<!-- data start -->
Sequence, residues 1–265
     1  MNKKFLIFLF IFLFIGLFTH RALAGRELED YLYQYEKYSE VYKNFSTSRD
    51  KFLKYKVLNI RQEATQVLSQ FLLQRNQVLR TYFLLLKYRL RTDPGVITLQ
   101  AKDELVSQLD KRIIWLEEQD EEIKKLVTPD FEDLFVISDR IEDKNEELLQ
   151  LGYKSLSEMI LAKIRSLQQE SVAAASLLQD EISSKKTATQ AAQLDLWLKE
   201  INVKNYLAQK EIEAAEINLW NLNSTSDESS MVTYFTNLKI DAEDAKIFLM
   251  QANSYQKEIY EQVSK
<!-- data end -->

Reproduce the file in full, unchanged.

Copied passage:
Sequence, residues 1–265
     1  MNKKFLIFLF IFLFIGLFTH RALAGRELED YLYQYEKYSE VYKNFSTSRD
    51  KFLKYKVLNI RQEATQVLSQ FLLQRNQVLR TYFLLLKYRL RTDPGVITLQ
   101  AKDELVSQLD KRIIWLEEQD EEIKKLVTPD FEDLFVISDR IEDKNEELLQ
   151  LGYKSLSEMI LAKIRSLQQE SVAAASLLQD EISSKKTATQ AAQLDLWLKE
   201  INVKNYLAQK EIEAAEINLW NLNSTSDESS MVTYFTNLKI DAEDAKIFLM
   251  QANSYQKEIY EQVSK